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The depth at which physics was discovered

  1. Dec 27, 2012 #1
    Hello,

    I realize that there are many levels of physics that are taught to students (introductory, intermediate/advanced, then graduate)

    But I was wondering, when the famous physicists like Newton and Maxwell, etc, discovered their respective phenomenon, did they know it at a graduate level of knowledge? Or when they learned it, was it more elementary? Or is it that they discovered it at a very advanced level, then later on it was simplified to what is now introductory level physics so that the masses of people could at least begin to grasp it?

    Did Maxwell understand his theory at a depth of the almighty Jackson book?
     
  2. jcsd
  3. Dec 27, 2012 #2

    Astronuc

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    Contemporary physicists benefitted from the body of knowledge from those who came before.

    I recommend reading Steven Hawking's "On The Shoulders Of Giants"

    http://www-history.mcs.st-and.ac.uk/Biographies/Maxwell.html

    Maxwell's obiturary by Maxwell's friend and colleague Professor P. G. Tait - http://digital.nls.uk/scientists/pageturner.cfm?id=74629600
     
    Last edited: Dec 27, 2012
  4. Dec 27, 2012 #3

    micromass

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    I don't know about physics, but I do know the answer for mathematics. The great mathematicians almost surely did not know the theory to the extend we teach it right now. They usually discovered things that were a very special case and their proofs were usually awfully complicated. Later, other mathematicians made significant generalizations and simplified things a lot.

    For example, when Galois discovered Galois theory, he did not know anything about groups and fields. Yet, groups and fields are the tools which are used today to do Galois theory. Galois made his discoveries for the special case of the field of rational numbers. Right now, we teach Galois theory in a much general setting. I even doubt that Galois would recognize his theory if he read a current textbook on it.

    As another example, it is well-known that Newton and Leibniz discovered calculus. But a lot of students who completed a calculus sequence (or analysis) right now have a much better grasp on calculus than Newton and Leibniz did. For example, the calculus that they did was very much non-rigorous. They had no idea what epsilon-delta definitions were (they were invented hundreds of years later). And many people back then made very elementary calculus mistakes that students right now wouldn't make.
    Of course, this does not diminish their accomplishments. It is always much easier to learn about something than it is to discover it. I do believe that a lot of students know calculus better than Newton and Leibniz did back in their days, but I doubt that those students were capable of discovering calculus on their own.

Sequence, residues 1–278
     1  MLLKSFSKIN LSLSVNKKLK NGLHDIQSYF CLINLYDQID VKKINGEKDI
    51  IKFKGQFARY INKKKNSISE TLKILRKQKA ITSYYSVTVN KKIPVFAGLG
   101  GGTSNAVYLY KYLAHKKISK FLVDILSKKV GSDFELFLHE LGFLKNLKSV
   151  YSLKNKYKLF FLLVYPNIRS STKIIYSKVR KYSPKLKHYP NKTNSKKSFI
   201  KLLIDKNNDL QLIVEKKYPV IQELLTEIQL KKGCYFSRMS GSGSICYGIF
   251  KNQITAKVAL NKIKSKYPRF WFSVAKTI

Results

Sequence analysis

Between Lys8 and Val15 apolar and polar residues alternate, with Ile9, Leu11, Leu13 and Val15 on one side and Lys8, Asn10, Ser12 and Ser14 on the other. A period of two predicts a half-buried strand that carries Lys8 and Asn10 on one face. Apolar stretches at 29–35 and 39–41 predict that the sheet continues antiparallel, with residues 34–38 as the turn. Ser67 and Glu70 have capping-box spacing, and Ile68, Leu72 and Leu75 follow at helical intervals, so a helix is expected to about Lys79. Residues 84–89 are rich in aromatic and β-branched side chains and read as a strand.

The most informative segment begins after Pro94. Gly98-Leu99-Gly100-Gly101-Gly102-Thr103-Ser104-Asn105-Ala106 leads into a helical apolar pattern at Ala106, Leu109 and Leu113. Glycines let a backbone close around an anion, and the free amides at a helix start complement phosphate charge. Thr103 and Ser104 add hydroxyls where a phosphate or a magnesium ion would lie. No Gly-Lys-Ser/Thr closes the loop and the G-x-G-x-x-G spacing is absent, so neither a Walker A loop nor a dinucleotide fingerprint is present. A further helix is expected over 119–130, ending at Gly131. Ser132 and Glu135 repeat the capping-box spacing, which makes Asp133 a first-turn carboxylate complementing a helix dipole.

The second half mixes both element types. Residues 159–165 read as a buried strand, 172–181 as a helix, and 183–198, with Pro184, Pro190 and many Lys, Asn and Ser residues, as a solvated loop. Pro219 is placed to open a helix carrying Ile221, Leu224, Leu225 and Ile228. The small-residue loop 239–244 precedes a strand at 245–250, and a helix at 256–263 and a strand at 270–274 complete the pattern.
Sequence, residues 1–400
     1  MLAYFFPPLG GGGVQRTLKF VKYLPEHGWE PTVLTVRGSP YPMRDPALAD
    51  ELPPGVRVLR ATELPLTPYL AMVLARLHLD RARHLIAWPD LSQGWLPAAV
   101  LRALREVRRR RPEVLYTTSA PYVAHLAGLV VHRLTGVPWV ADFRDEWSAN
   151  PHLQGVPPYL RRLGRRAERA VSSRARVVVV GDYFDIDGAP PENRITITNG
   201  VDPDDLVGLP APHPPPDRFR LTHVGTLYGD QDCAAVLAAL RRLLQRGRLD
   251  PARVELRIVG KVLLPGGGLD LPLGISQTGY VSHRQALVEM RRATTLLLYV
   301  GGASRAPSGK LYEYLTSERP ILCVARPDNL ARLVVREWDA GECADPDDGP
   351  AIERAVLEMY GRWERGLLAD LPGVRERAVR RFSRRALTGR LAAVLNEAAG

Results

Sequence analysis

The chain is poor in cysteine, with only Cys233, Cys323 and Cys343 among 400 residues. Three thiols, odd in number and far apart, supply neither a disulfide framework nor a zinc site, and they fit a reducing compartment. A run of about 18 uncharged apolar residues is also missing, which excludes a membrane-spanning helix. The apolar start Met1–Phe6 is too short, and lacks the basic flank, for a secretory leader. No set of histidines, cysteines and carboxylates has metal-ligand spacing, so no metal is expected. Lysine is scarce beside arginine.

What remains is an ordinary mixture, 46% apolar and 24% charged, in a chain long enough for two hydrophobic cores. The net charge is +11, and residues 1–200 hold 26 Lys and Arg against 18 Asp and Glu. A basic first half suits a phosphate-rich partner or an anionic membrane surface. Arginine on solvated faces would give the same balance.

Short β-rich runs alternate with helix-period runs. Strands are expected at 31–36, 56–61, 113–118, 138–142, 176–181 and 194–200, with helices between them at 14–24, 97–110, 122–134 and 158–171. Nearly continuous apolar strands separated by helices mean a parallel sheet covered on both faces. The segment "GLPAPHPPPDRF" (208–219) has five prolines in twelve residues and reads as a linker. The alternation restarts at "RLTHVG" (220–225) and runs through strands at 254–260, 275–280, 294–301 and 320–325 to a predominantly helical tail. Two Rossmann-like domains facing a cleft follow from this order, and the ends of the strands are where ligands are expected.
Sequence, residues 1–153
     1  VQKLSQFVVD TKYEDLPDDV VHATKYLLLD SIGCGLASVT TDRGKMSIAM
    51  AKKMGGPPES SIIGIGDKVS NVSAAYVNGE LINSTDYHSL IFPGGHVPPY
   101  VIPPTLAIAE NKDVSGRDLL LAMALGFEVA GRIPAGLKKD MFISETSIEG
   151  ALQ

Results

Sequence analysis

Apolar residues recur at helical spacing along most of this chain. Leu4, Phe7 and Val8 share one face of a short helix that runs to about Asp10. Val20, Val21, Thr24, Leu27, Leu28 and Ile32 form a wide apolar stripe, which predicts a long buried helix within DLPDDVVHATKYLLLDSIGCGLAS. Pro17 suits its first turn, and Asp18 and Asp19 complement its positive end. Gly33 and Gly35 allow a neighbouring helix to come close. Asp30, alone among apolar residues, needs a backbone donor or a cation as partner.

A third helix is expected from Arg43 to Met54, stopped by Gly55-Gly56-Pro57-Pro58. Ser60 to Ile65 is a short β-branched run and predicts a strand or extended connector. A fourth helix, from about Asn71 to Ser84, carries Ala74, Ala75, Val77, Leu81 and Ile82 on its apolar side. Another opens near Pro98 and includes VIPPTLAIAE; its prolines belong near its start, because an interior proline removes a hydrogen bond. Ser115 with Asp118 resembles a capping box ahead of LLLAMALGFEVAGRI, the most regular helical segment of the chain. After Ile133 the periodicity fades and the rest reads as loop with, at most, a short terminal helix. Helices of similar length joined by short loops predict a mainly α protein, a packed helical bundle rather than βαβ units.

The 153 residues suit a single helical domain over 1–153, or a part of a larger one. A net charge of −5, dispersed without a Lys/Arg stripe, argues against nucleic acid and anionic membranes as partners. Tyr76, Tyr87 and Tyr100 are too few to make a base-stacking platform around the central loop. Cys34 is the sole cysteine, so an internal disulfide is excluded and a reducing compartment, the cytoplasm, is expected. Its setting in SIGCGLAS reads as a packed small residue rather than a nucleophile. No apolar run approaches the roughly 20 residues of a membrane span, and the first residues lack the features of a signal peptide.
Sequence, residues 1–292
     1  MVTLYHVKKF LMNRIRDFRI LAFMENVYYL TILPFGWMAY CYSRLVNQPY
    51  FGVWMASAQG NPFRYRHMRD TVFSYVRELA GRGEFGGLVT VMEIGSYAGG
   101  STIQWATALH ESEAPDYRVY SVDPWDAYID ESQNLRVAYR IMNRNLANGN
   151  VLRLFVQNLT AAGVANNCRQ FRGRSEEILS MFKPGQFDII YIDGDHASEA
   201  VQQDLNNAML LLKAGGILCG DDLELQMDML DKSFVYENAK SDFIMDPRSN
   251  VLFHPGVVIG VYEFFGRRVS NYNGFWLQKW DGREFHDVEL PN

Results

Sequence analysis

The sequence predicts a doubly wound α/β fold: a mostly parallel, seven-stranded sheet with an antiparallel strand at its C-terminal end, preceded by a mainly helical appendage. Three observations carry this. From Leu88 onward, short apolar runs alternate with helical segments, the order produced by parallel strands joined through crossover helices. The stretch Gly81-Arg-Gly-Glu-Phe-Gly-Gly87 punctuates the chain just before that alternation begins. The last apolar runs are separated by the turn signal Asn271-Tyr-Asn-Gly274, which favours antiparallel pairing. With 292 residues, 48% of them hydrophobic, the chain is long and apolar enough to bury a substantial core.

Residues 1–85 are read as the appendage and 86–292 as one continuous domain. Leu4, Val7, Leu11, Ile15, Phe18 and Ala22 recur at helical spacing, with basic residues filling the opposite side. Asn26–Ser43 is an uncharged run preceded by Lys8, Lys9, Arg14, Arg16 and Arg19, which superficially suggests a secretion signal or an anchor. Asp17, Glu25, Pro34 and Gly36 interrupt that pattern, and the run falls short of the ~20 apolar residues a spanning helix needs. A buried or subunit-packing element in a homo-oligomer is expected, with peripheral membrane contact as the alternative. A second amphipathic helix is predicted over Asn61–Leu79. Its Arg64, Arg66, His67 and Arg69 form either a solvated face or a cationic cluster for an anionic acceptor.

5. Dec 27, 2012 #4

    WannabeNewton

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    Well a typical non - honors introductory EM class, for example, is definitely very, very dumbed down IMO compared to say what Maxwell wrote in his original treatise on electrodynamics as well as his later works. Of course at the graduate level things might not be so black and white. A typical graduate GR class now would probably introduce differential geometry using index - free notation and exterior calculus \ take a more modern geometric approach rather than use the index based classical tensor calculus methods around when Einstein first formulated GR.
     
  6. Dec 28, 2012 #5
    In the old days the tools were very crude. I once read an ancient manuscript about how to multiply by 7. It was very complicated and I could not understand it. So the mental challenge to someone like Archimedes to invent his methods was the same as advanced math today.


    What Galileo and Franklin did seems simple now. The difficulties were convincing yourself that the subject was worth studying, getting enough time to work on science as opposed to working hard to survive, and avoiding being burned at the stake by the Church. All in all scientists have it easier today.

    When Maxwell came up with his equations it was expressed in terms of quaternions. I think he had a mechanical model in mind that involved gears. Vectors were not much used, much less vector calculus.

    The world then did not have the material wealth we have today. Abel had difficulty affording stamps to mail out his manuscripts, then died young of tuberculosis.

    Most new things these days are quite complex. It is like mining or drilling for oil in that the easy-to-get stuff is found first. The big exception is the theory of relativity, which is simple but conceptually very weird.
     
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